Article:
Back to School after lockdown
Tips and tricks for a successful transition back to school life for your family
Every parent, educator and even most children are hoping that in the near future the COVID-19 numbers will drop enough that our schools can open again. Going back to school presents some challenges even in normal times, but going back to school after coming out of lockdown can be even tougher on adults and children alike.
We’ve listed some tips and tricks for a successful transition back to school life for your family.
Should They Stay or Should They Go?
Many schools will be offering options for students: to physically return to school, to continue with virtual learning or a combination of the two. We’ve made arguments for each option to help you make the best decision for your child when the time comes:
Physically returning to school:
Your child gets to see their peers and participate in subjects that may not be covered in online learning, like gym or art.
The distractions of being at home are removed, making it a better learning environment for students.
Sending your children to school leaves a quiet, empty house for you to carry out your own work.
Continuing online learning at home:
The safest option for children with underlying medical conditions or children who are unlikely to be able to maintain a safe social distance.
More people staying at home minimizes the amount of community spread of the virus.
You can tailor your child’s curriculum so that it personally fits their learning style, maturity level and interests.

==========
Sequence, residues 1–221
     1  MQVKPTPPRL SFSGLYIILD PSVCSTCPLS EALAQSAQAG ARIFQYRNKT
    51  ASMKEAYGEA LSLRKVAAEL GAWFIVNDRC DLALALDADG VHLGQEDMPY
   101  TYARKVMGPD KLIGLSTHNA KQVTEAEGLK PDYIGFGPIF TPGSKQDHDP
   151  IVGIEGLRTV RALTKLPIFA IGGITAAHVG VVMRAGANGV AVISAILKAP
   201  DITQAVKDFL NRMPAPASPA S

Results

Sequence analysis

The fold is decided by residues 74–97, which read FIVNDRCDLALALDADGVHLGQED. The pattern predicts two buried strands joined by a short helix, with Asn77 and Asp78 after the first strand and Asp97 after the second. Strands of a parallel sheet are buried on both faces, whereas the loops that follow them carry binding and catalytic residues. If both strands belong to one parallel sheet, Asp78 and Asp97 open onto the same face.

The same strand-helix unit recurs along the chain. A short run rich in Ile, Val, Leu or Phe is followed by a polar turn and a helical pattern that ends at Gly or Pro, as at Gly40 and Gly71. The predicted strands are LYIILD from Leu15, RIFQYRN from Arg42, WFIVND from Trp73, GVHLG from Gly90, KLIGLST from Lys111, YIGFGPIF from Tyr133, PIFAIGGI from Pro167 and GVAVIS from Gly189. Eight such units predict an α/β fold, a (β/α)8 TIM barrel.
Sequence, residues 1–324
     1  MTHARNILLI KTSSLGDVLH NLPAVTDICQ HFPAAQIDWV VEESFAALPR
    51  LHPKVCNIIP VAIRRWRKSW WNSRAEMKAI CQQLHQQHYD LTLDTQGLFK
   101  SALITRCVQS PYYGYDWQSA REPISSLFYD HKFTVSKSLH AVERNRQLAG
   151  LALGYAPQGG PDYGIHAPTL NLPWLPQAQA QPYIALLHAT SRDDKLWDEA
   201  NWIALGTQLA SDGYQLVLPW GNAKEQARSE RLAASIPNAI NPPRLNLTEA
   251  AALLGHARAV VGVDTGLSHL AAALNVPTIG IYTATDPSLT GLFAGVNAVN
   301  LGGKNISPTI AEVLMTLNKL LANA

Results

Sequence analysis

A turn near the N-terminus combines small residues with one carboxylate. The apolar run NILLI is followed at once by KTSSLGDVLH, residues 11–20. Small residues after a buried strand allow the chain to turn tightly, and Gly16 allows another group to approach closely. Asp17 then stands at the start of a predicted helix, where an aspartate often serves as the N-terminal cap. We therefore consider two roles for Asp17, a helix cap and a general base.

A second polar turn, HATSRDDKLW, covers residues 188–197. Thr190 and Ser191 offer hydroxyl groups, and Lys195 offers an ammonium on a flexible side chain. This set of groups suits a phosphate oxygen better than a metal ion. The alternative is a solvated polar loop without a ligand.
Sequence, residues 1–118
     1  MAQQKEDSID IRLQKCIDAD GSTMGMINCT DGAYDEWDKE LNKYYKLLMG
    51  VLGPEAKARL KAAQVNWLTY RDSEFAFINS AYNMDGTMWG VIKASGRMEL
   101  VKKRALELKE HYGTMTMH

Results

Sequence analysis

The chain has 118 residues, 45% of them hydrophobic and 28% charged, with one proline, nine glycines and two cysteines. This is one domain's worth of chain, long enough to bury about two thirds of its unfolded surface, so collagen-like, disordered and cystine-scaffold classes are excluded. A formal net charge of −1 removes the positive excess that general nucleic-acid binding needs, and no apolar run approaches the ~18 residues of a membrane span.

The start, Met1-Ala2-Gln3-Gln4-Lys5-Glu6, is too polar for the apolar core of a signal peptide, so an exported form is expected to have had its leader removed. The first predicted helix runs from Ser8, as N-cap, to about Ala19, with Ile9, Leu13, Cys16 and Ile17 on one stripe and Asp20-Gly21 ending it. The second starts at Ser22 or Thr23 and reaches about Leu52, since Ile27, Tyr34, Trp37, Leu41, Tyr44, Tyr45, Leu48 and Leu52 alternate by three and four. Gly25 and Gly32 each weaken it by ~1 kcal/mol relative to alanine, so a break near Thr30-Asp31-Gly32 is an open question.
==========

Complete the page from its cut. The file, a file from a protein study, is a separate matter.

Next: when the time comes to go back to school, your child will need to readjust to their old school day routine. It is beneficial to explain to them that although there has been a lot of extra screen time during COVID-19, you will be going to be going back to the old routine now. Your routine could include consistent wake-up times, meal times, chores such as packing lunches and doing homework and even scheduled free time. A regular routine gives your child structure and helps them to learn responsibility and independent work. Keep in mind that while maintaining a routine is best for their learning, it is still important to encourage your child to stay social, whether it be face-to-face, socially distant activities or virtual contact, it is important that children do not feel alone.
Mask-Wearing and No Sharing
Some children do not mind wearing masks, or even think it’s cool. However, not all of us are so lucky. Some of our little ones have a difficult time covering their faces all day long and it can turn into a real hassle convincing them that they have no choice!
Let them choose their own mask: teddy bears, flamingos, sports teams, dancers, some sites will even personalize a mask with your pet’s or child’s face printed on it!
You can also introduce distraction strategies: while wearing the masks, listen to music, play a word-game or talk about an exciting thing they will do today.
Secure a feeling of ownership: their mask is their own special item. Let them know that it is theirs and only theirs: no sharing or swapping masks!
For those of us struggling parents and caregivers, start by setting an example: if they have to wear a mask, you do too. Don’t leave the house without making sure the entire family is covered up so that children can see that this is a rule with which everyone must comply.
Listen, Validate, Cope
Finally, be sure to show your child that you understand their worries and struggles with COVID-19. Let them know that you, along with the rest of the world, share their fears and sadness. Listen to their feelings, validate those feelings, then teach them how to cope. You can model ways to cope with the pandemic by following public health regulations, wearing a mask and consistently practising social distancing. Also, make an effort to put a positive spin on the pandemic: remind your kids that you’ve had lots of time to spend as a family, perhaps you’ve learned a new skill or hobby, and the pandemic has taught us to appreciate our ‘normal’ lives so much more!